In case you need me to say it again, I am not in any way suggesting you can meditate, relax or breathe your way out of chronic illness symptoms. The tools on this website are a way to get through the moment, a distraction when intense emotions are threatening to overwhelm us, as well as providing a way to find a little bit of solace.
The Ensō Meditation below is adapted from a Zen Buddhism practice. It offers a slightly more abstract way of tapping into self care and can be a simple or as deep as you need it to be.
Studies show having high self-esteem does not help counteract self-criticism as well as the ability to be self-reassuring. Therefore at times when our inner bully is particularly loud we can protect ourselves a little better from the negative impacts of self-criticism by focussing on compassion rather than building up our self-esteem. This is especially important for chronic illness sufferers as we don’t have the usual avenues to prop up our self-esteem.
If only it was as easy to apply self compassion as it was to show compassion to the people around us.
Because we live in a society that rewards and reveres productivity and a “push through” mindset, we have to protect our health and well-being by applying a level of self-compassion that is kind and gentle yet courageous and fierce. To ease you into the duality of self-compassion I’ve added a new resource that uses a yin and yang approach.
To anyone who may be new to ME/CFS, Long Covid or chronic illness…
I’m sorry if I wasn’t clear how bad it had to get before I admitted I had to try to put my health first and how hard it was/is to actually change my behaviour.
It is true that I shouldn’t need a label of “art” to elevate an activity to something meaningful or of value. But the mental gymnastics required to reject society’s expectations of acceptable use of your time is too exhausting. Educating others on why it’s not possible to be living a life out and about in the world is exhausting. Constantly monitoring and pushing back on your internal critique is exhausting.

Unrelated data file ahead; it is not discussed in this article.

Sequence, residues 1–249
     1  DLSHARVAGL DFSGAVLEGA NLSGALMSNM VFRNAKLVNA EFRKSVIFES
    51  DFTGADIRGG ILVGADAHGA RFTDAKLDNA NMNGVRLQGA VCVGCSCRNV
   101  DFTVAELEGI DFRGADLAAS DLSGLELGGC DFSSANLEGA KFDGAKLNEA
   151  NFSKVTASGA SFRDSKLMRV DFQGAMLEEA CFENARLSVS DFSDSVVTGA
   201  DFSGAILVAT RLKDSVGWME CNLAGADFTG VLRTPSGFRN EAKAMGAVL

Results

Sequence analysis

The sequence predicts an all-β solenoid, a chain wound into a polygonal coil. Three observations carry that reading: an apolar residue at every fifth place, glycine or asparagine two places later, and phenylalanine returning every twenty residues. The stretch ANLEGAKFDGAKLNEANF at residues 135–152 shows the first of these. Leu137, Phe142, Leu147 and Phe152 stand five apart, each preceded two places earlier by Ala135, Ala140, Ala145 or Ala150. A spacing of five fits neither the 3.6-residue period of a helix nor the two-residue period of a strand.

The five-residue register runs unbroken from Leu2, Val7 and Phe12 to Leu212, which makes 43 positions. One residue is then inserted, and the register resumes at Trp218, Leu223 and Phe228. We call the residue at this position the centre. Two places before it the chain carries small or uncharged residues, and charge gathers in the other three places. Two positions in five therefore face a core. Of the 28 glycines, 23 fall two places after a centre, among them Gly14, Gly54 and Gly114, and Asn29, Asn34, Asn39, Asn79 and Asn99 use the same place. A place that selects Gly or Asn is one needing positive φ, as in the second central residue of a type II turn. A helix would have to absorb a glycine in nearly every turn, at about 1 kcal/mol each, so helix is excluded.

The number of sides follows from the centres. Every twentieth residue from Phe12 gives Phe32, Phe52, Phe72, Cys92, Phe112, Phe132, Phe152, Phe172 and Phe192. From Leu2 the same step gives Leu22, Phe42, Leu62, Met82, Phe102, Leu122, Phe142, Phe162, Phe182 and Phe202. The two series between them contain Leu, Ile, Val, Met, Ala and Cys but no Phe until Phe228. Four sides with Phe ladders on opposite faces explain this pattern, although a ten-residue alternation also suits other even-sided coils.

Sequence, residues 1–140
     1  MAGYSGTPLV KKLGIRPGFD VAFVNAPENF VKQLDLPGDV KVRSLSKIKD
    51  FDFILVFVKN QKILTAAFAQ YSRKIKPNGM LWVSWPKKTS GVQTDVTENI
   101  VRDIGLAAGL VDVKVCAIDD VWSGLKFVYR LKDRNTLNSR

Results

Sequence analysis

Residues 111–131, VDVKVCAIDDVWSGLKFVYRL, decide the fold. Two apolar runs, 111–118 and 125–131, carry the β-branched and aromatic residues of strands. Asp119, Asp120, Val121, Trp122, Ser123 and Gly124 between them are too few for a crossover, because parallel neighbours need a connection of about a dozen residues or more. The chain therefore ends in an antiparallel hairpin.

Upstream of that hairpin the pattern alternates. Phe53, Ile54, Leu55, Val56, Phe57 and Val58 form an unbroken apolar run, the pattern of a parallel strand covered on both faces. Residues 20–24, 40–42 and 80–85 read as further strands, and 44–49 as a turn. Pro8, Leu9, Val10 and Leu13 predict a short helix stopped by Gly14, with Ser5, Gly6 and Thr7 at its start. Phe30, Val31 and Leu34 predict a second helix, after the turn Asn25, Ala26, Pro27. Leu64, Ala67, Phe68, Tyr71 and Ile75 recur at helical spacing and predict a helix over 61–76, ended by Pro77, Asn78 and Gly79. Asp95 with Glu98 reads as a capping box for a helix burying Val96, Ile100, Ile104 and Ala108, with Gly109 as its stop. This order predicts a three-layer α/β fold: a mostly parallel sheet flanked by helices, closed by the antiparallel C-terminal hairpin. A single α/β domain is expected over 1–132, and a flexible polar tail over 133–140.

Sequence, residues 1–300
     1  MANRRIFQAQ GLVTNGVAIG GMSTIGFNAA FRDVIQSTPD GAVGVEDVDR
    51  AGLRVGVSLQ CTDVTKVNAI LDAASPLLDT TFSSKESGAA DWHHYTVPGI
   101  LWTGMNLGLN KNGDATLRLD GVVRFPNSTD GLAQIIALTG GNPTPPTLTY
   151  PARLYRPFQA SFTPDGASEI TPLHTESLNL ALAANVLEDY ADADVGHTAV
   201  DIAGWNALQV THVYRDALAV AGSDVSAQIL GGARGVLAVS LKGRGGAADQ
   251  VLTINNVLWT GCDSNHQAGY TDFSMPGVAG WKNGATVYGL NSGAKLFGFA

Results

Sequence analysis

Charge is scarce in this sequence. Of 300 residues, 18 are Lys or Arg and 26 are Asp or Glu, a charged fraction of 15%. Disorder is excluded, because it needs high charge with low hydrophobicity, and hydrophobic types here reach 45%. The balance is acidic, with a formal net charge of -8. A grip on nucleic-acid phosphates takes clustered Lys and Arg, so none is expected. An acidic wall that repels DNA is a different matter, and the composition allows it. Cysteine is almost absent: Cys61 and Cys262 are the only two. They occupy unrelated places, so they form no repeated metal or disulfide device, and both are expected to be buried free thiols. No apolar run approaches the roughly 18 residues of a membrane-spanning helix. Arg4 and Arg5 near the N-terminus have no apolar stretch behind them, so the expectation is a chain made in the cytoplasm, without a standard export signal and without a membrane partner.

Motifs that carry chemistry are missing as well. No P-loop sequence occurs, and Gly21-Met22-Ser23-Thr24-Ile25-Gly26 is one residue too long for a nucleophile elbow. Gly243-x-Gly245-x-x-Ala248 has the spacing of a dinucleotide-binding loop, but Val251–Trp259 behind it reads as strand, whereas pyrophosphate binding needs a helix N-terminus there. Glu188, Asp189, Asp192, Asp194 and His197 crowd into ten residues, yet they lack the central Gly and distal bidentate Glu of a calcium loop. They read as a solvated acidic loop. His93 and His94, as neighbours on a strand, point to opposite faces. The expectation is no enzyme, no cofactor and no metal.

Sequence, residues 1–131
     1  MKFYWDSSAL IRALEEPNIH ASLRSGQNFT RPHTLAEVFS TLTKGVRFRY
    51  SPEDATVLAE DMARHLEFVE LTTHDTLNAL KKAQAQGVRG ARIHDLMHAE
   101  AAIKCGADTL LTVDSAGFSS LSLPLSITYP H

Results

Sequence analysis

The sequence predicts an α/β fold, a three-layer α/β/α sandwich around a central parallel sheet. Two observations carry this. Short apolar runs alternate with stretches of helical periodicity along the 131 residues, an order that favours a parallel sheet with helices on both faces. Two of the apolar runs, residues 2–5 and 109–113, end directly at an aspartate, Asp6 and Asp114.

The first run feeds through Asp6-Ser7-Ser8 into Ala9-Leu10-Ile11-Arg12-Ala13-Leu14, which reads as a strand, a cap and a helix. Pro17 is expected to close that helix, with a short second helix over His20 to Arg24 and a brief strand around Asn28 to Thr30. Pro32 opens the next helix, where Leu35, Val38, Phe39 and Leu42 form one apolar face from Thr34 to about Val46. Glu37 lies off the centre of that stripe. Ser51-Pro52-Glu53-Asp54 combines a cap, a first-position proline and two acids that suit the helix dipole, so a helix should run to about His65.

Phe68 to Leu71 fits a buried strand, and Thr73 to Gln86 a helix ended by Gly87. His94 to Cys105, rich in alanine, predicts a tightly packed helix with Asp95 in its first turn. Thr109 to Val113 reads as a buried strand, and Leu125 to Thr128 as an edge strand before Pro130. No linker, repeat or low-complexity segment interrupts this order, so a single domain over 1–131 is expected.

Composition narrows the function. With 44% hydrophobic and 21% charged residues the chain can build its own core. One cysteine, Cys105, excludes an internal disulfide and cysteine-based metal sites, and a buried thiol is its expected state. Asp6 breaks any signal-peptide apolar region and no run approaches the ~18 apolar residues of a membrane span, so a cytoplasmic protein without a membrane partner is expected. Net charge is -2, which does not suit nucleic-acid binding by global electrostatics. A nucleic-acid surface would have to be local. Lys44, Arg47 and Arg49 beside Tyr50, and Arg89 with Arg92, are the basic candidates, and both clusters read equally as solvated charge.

Inspirational, quotes, mantras, motivational mottos and affirmations have their place in providing us with a way to refocus to the present or the positive, give hope, perspective courage or peace. If utilised at the right time they can be transformative. But on the bad days, words of wisdom need a little more lived experience of chronic conditions, a little more ME/CFS context to the grand aspirational proclamations.
It all relates back to the complexity of acceptance for those with ME/CFS. People treat it like a concept or goal to be achieved yet it’s an emotion that therefore cannot be a permanent state. We all contain multitudes.
There is a constant knot in the pit of my stomach. Hidden in the dark murky place where emotions mix and churn as they evade logic and reason. Holding onto one end of the knot is the person I am now, tugging at the other end is the person I want to be. Accepting I have to let go of the person I want to be is in theory the pathway towards the chronic illness jackpot of psychological flexibility.